Frontal Monitoring

The format of the TV camera, used in systems with single aperture lens for monitoring the scene in front of the vehicle, depends mainly on two parameters: field of view FOV and resolution R needed in the areas of the scene in which some objects have to be discriminated with higher precision (e.g., horizontal signs on the road surface). This means that in the other areas of the scene in which there are no objects of interest the previous resolution R is wholly redundant.

For most of the frontal monitoring functions, the format of the camera must be at least CIF (320×256 pixels) or VGA (640×480 pixels).

These formats are not compatible with the optical solutions based on micro-optics matrices proposed above, where the size of the photodetector is in the order of tens of microns, i.e. far larger than that of the photodetectors (less than 10 microns) of the standard matrices used today for consumer or automotive applications. The use of photodetectors, with dimensions in the order of tens of microns, combined with high resolution means excessively expanding the total area of the chip and consequently raising fabrication costs.

In the case of optical solutions based on micro-optics matrices, it is necessary to design the subgroup of microlenses, dedicated to the frontal monitoring function, so that the fields of view IFOV of the individual photodetectors (or clusters of photodetectors), mutually contiguous, are not kept constant for the whole field of view FOV of the microlenses subgroup, but they are defined on the basis of the resolutions actually required in the different areas of the scene as shown in FIG. 15. Consequently, the angular separation between the central directions of the fields of view IFOV of the individual mutually contiguous photodetectors (or clusters of photodetectors) is not constant.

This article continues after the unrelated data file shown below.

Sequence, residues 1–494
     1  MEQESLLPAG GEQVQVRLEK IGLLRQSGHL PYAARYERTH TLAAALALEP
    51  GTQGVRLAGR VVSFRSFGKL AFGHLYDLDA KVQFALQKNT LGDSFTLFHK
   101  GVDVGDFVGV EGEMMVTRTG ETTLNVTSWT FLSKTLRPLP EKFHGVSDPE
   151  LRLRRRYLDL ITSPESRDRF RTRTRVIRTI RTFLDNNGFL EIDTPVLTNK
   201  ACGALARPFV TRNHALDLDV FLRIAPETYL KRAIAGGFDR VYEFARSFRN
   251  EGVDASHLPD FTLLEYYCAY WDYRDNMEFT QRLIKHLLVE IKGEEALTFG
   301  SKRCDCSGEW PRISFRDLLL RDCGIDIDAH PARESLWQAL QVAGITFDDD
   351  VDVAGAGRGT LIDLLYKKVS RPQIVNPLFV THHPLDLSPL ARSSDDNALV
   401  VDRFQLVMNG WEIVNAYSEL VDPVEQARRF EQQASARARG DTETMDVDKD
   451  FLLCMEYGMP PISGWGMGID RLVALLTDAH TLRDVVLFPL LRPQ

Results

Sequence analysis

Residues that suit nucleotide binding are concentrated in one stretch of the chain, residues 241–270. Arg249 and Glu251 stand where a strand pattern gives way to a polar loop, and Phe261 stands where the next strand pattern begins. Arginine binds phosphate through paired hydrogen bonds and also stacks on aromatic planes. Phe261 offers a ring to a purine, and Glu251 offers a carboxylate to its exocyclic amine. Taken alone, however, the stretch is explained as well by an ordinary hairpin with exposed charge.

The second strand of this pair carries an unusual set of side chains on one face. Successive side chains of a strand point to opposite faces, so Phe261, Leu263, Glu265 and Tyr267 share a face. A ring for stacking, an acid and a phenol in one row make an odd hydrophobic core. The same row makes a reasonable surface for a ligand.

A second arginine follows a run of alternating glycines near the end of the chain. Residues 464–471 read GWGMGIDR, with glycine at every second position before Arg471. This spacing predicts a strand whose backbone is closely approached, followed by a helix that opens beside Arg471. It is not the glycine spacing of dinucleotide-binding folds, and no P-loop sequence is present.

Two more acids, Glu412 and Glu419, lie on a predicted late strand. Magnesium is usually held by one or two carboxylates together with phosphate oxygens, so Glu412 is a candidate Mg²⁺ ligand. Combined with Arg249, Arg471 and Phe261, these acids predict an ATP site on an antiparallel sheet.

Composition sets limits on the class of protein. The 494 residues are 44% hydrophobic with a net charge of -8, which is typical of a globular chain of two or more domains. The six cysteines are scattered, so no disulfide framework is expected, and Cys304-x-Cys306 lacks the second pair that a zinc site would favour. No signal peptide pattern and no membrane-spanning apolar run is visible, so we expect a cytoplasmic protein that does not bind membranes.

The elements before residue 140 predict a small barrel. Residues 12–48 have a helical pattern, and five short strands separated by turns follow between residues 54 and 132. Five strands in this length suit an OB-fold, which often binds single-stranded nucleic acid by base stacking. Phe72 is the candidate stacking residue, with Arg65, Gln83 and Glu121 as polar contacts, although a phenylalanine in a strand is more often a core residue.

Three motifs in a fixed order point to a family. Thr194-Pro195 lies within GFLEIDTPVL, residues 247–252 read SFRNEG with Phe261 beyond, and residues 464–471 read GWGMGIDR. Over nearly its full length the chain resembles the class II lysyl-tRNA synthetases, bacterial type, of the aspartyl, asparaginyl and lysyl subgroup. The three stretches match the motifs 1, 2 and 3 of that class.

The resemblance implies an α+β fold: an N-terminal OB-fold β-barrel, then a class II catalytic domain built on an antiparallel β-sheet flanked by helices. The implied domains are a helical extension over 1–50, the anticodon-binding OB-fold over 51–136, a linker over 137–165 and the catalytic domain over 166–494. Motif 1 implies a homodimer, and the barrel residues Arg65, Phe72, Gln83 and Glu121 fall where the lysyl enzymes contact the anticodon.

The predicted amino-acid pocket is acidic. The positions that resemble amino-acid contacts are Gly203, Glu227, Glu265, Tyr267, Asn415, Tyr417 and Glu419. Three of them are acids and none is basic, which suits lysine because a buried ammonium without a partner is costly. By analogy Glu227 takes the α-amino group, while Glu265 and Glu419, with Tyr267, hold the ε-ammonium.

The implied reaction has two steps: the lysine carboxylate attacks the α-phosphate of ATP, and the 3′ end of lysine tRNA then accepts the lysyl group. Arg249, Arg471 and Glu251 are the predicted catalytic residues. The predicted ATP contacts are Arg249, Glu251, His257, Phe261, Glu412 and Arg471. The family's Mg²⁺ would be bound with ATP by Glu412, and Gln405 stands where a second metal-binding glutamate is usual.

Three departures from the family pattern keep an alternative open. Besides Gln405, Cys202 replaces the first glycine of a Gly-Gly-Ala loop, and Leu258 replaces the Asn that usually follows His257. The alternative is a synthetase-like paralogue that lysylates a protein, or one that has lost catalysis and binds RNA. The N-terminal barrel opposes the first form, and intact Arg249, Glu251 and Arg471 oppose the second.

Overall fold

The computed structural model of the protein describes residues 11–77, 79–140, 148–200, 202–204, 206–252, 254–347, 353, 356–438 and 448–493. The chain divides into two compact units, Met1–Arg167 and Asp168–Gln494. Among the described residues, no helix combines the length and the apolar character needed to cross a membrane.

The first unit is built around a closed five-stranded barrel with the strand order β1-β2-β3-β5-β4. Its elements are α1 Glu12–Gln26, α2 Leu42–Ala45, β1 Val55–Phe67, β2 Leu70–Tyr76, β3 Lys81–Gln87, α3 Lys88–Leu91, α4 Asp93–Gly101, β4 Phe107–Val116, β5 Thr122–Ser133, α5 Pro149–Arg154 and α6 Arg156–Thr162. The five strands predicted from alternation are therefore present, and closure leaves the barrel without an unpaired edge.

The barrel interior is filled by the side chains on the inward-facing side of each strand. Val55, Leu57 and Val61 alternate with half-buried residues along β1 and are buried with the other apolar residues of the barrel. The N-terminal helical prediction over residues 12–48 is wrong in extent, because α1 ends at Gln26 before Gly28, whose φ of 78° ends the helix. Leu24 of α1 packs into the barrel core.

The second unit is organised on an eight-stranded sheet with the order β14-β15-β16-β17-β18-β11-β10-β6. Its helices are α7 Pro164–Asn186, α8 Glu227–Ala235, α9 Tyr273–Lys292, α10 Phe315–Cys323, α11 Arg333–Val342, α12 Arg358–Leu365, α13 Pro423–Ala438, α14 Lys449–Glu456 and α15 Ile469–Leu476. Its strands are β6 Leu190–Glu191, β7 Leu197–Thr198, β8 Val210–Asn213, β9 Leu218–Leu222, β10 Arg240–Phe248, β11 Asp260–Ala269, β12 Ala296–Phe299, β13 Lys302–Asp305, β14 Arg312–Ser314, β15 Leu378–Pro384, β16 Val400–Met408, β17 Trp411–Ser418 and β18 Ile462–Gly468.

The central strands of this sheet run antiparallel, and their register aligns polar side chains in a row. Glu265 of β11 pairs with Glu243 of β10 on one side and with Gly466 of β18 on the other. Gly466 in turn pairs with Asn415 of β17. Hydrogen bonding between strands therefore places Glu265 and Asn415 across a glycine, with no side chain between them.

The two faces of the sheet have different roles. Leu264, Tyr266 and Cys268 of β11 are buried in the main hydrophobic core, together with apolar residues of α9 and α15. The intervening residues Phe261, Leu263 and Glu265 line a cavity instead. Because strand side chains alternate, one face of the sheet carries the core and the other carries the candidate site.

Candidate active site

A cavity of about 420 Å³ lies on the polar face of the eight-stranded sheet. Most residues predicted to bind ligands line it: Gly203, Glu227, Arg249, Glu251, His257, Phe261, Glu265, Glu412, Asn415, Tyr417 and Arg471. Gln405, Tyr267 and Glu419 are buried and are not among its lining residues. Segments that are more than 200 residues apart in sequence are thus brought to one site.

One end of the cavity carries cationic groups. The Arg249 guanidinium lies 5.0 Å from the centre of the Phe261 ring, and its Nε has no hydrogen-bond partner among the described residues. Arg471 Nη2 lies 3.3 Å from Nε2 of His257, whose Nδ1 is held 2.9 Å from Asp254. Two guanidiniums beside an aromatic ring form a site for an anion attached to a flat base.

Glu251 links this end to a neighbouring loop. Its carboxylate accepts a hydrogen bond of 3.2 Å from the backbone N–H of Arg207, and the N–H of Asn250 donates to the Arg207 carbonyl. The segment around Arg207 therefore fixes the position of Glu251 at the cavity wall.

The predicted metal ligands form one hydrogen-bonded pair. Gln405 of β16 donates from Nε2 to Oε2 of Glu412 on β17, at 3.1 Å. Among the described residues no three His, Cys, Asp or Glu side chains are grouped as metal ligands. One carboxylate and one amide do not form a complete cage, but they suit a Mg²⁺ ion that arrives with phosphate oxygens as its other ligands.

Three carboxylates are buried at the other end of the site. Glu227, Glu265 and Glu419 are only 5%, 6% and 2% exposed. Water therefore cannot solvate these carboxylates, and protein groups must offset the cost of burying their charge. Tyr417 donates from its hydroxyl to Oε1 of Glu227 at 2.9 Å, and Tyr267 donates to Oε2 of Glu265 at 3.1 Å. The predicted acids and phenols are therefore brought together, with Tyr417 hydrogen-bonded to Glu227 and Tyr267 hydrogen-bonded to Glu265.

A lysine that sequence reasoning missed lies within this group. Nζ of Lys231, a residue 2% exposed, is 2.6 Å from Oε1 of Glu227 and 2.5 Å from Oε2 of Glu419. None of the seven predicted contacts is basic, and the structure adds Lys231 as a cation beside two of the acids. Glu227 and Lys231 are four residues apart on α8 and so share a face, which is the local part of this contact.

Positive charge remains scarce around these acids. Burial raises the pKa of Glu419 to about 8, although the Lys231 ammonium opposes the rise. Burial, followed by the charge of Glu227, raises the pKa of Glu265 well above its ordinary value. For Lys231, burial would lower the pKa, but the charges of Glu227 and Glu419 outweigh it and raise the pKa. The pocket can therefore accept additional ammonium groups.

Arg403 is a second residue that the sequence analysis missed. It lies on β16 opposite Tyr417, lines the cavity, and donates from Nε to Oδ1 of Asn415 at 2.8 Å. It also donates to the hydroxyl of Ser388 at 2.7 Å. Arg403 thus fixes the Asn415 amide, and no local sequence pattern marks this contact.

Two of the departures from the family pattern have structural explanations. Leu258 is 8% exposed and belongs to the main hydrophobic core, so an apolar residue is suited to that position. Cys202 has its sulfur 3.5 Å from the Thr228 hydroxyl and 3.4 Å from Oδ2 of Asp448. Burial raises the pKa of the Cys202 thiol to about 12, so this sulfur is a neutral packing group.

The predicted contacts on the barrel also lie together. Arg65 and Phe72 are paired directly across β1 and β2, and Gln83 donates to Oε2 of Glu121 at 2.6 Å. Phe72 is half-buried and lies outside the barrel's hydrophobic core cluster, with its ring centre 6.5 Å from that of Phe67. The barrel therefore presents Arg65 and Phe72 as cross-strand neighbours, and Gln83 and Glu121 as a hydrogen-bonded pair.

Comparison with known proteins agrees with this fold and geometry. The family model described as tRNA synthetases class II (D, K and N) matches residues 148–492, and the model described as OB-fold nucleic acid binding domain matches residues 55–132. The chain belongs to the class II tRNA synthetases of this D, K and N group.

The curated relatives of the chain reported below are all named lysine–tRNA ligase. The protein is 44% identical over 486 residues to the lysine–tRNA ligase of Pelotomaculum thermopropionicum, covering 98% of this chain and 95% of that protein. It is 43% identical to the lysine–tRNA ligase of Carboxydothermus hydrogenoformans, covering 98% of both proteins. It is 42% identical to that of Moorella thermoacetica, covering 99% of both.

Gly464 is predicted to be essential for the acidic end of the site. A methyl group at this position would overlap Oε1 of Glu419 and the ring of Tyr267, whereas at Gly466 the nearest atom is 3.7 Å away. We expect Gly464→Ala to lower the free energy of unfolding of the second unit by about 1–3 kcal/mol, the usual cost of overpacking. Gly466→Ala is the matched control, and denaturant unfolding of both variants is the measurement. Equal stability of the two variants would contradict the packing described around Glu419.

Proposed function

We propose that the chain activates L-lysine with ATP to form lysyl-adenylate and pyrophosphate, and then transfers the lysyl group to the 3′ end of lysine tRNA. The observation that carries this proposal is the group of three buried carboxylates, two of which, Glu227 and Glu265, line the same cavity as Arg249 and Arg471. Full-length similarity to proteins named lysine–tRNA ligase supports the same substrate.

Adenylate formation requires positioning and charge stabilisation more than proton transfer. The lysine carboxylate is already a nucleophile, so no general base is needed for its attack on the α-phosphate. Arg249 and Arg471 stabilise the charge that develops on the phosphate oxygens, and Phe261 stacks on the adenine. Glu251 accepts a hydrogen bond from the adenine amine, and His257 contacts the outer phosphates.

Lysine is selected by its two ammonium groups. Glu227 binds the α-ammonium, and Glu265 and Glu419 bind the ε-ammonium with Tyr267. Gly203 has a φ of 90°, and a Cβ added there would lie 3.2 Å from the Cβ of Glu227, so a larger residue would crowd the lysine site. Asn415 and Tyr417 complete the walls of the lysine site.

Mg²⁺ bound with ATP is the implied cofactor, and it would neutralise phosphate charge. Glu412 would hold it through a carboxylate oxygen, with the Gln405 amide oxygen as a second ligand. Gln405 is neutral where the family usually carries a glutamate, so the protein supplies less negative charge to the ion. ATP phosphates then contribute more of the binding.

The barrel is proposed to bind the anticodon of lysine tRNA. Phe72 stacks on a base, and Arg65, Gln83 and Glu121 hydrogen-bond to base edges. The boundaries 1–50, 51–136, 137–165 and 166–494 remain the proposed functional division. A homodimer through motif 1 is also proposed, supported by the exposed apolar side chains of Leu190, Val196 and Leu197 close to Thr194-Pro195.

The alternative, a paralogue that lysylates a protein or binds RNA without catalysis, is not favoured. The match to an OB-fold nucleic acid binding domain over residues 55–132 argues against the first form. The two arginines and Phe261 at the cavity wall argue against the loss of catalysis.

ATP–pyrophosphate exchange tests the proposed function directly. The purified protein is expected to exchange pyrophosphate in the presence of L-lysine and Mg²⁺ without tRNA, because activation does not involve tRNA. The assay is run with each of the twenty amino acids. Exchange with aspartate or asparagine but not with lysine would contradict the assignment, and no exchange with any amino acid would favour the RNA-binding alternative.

This approach enables to define a higher resolution in the point of escape of the images relative to that of the peripheral area, as shown in FIG. 16. Proceeding from the point of escape towards the outer edges of the matrix, both the field of view IFOV of the individual photodetectors (or of the photodetectors clusters) and the angular separation between the central direction of the IFOV increase, or else only the angular separation between the central directions of the IFOV increases, whilst the IFOV are instead maintained constant, in order to sample non continuously the portion of the scene that requires a lower resolution.

Zoom

The frontal scene monitoring functions are manifold (vehicle crossing, Lane Warning, curve detection, vertical signs detection, pedestrian monitoring, etc.).

To integrate all these functions on a same photodetectors matrix, coupled with a single aperture lens, it is first of all necessary to evaluate the functional specifications in terms of field of view, minimum and maximum range, resolution of a reference obstacle at the maximum distance. Combining these specifications enables to define the format of the matrix, which will obviously be sufficient for some functions and redundant for others. With this approach, the format of the camera will definitely be greater than VGA.

An alternative that reduces the format of the TV camera entails the use of an optical zoom. However, the size and complexity of an optical zoom make it difficult to integrate it with other optical systems dedicated to the environmental parameters measuring functions (note the complexity of the optical sensor shown in FIG. 1, according to the invention of the document EP-A-1 418 089). Moreover, the optical zoom increase the fabrication costs of the sensor.

If a matrix of microlenses is used instead of single aperture optical systems, the sub-area dedicated to frontal scene monitoring can be optimised, increasing resolution in the areas where details need to be discriminated (horizontal signs, obstacle recognition, etc.) and reducing it in the areas where the necessary information is more qualitative (road edges, horizon, etc.). This is equivalent to processing the images with the optimal resolution, as is made possible by an optical zoom.

The solutions for varying resolutions have already been discussed in the previous paragraph “Frontal monitoring”.